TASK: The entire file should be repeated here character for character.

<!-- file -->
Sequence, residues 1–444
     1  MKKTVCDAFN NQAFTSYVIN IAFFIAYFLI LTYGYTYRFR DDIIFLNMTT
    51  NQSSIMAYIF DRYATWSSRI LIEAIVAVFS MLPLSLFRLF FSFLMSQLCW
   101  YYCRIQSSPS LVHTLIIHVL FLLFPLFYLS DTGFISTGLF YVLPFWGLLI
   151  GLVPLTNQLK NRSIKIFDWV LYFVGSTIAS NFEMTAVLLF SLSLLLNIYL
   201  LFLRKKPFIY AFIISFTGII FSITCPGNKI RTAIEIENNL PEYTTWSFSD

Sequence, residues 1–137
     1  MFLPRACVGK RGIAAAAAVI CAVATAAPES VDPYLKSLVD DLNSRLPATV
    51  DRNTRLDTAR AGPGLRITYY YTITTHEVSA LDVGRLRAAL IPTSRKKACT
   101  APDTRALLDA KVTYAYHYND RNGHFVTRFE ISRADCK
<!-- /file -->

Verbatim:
Sequence, residues 1–444
     1  MKKTVCDAFN NQAFTSYVIN IAFFIAYFLI LTYGYTYRFR DDIIFLNMTT
    51  NQSSIMAYIF DRYATWSSRI LIEAIVAVFS MLPLSLFRLF FSFLMSQLCW
   101  YYCRIQSSPS LVHTLIIHVL FLLFPLFYLS DTGFISTGLF YVLPFWGLLI
   151  GLVPLTNQLK NRSIKIFDWV LYFVGSTIAS NFEMTAVLLF SLSLLLNIYL
   201  LFLRKKPFIY AFIISFTGII FSITCPGNKI RTAIEIENNL PEYTTWSFSD

Sequence, residues 1–137
     1  MFLPRACVGK RGIAAAAAVI CAVATAAPES VDPYLKSLVD DLNSRLPATV
    51  DRNTRLDTAR AGPGLRITYY YTITTHEVSA LDVGRLRAAL IPTSRKKACT
   101  APDTRALLDA KVTYAYHYND RNGHFVTRFE ISRADCK